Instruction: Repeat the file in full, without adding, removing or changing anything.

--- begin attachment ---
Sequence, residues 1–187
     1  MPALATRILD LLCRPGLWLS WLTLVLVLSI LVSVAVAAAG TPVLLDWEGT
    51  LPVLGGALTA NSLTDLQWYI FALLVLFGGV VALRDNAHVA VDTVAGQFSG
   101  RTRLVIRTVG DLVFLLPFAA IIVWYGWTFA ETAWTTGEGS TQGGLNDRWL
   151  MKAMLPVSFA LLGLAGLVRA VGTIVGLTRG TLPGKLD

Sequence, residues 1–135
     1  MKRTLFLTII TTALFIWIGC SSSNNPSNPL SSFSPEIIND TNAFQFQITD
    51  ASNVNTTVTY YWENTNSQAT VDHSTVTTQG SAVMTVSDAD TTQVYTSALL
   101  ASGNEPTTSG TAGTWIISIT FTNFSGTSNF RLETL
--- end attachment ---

Sequence, residues 1–187
     1  MPALATRILD LLCRPGLWLS WLTLVLVLSI LVSVAVAAAG TPVLLDWEGT
    51  LPVLGGALTA NSLTDLQWYI FALLVLFGGV VALRDNAHVA VDTVAGQFSG
   101  RTRLVIRTVG DLVFLLPFAA IIVWYGWTFA ETAWTTGEGS TQGGLNDRWL
   151  MKAMLPVSFA LLGLAGLVRA VGTIVGLTRG TLPGKLD

Sequence, residues 1–135
     1  MKRTLFLTII TTALFIWIGC SSSNNPSNPL SSFSPEIIND TNAFQFQITD
    51  ASNVNTTVTY YWENTNSQAT VDHSTVTTQG SAVMTVSDAD TTQVYTSALL
   101  ASGNEPTTSG TAGTWIISIT FTNFSGTSNF RLETL